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Restaurant Review: Rod ‘N’ Reel Restaurant at the Chesapeake Beach Resort & Spa

Aug 16, 2016 03:56PM ● By Cate Reynolds

Catch of the Day…And Night

Rod ‘N’ Reel Restaurant

at the Chesapeake Beach Resort & Spa 
4165 Mears Avenue, Chesapeake Beach.
866-312-5596. Open daily, 8 a.m.–2 a.m.

By Rita Calvert | Photography by Tony Lewis, Jr.

“Nautikos,” we have arrived...for dinner at the restaurant of the Chesapeake Beach Resort & Spa! The gushing fountain beckoned, giving the entrance a grand ambiance. Even just before dusk, we found the restaurant bright and airy with large picture windows showcasing the narrow beach, boardwalk, a bulbous gazebo christened “The Chesapeake Dome,” and the Bay beyond—a very pleasing vista. Bright pops of marine blue in linen napkins and other decor complemented the crisp white railings and window trim. Natural wood tabletops and window-side banquettes allowed for the food and the water to be the main attractions.

To step back in time, from 1900, Chesapeake Beach was a thriving independent community started by The Chesapeake Beach Railway Company, which eventually went bankrupt in1935. Only 28 miles from Washington, D.C., Chesapeake Beach drew people by railway and steamboats for a cool breezy getaway, amusement park fun, strolls on the boardwalk, casino gaming, theaters, and dining. The Rod ‘N’ Reel Restaurant and Marina have hugged Maryland’s Western Shore as a masthead of this mix since 1946 when the Donovan family invested in a large parcel of land. The same family has run this show for three generations.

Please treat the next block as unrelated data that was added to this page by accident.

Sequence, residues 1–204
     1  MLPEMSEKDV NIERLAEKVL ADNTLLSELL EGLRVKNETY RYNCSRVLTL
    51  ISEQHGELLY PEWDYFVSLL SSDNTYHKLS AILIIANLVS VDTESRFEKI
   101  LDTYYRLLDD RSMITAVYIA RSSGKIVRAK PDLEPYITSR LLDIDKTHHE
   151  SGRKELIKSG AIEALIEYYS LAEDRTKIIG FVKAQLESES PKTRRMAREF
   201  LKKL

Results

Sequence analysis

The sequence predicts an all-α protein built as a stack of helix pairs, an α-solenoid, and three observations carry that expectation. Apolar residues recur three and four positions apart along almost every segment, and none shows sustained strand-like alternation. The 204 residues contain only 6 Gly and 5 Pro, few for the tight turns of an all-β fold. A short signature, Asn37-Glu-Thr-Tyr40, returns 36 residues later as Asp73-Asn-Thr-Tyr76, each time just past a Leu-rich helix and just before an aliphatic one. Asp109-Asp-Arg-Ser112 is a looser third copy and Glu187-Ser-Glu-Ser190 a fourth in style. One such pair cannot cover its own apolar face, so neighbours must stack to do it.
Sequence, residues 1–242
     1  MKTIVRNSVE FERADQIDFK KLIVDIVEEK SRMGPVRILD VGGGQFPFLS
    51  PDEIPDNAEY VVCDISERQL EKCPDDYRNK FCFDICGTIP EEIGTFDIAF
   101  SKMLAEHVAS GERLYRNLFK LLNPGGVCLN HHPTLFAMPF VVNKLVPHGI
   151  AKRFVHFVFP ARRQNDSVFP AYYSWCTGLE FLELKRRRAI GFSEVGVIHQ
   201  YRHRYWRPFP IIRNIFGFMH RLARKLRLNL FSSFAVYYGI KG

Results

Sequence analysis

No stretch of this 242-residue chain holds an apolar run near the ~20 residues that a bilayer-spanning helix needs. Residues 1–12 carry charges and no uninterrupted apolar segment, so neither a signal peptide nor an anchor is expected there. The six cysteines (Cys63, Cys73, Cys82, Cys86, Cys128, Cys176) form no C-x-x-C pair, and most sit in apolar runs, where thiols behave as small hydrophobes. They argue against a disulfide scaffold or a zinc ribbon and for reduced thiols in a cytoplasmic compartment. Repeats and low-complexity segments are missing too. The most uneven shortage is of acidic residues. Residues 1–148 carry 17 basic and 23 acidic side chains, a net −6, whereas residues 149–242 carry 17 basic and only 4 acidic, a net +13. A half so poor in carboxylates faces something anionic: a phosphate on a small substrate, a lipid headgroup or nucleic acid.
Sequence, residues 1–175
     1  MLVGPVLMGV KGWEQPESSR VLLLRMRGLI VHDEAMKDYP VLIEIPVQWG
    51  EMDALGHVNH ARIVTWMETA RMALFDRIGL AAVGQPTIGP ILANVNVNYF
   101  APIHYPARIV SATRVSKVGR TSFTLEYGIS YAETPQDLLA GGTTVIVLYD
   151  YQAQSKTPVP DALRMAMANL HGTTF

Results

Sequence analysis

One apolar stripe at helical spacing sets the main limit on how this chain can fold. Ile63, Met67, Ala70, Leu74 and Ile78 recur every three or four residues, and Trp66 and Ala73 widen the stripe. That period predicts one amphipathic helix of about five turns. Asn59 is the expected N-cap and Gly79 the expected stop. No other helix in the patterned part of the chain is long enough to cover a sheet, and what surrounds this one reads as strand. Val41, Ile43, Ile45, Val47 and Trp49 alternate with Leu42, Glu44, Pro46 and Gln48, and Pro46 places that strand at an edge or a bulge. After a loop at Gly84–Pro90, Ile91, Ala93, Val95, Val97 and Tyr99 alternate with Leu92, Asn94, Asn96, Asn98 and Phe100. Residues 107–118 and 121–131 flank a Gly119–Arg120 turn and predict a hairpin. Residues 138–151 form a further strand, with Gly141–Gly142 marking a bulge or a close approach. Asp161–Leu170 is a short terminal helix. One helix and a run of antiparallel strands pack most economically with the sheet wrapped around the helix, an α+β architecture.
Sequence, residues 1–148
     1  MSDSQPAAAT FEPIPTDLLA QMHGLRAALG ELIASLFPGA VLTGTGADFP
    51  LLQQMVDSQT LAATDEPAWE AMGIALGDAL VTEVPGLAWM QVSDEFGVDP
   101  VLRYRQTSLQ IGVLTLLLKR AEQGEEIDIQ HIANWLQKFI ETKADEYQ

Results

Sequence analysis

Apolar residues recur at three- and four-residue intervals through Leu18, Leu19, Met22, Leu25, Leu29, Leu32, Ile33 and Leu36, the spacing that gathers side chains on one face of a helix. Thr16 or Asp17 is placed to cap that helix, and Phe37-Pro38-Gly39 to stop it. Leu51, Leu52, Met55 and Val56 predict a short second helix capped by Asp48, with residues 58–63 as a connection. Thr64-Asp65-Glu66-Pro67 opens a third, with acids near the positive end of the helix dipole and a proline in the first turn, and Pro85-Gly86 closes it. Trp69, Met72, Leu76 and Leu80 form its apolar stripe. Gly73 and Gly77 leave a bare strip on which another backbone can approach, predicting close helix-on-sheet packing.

When the Donovans built the hotel and spa in 2004, Chesapeake Beach Resort & Spa was born, recapturing the original intent of the founders of this small town—a bayside resort just close enough to Washington, D.C., Baltimore, and Annapolis. Extremely active, Gerald Donovan, is now at the helm with big plans for future development, even though well over retirement age.  

We were seated with a prime view and offered beverages by our waiter, Xander. With a friendly manner, he explained his name is simply short for Alexander. The abbreviated wine list offers bottles from France, Italy, Australia, New Zealand, Washington State, and California, plus a few house selections. As my friend had decided on a cocktail, a voluminous Bombay Blue Sapphire Martini arrived from the separate bar area. Large green stuffed olives floated in the libation, which seemed to be a bit of the “dirty” style, meaning it contained a splash of olive brine.

Xander delivered a plate of crackers and port wine cheese spread (complimentary) as we perused the menu. Majoring in seafood, with just enough beef to satisfy a land lover, the menu has special designations for Chesapeake classics lovers or gluten free diners. Some of the dishes have a decidedly Mediterranean slant. Two vegetarian entrees are offered heavy in vegetables, of course, along with a helping of pasta.  
The Mediterranean Sea called to us with Portobello Neptune. Verdantly delicious, a flash fried single leaf of basil floated on the top of the two, three-inch caps of the fleshy mushrooms. Under the nicely crusted cheese topping, we found an Italian style blend of sundried tomatoes, basil notes, and some tiny shrimp.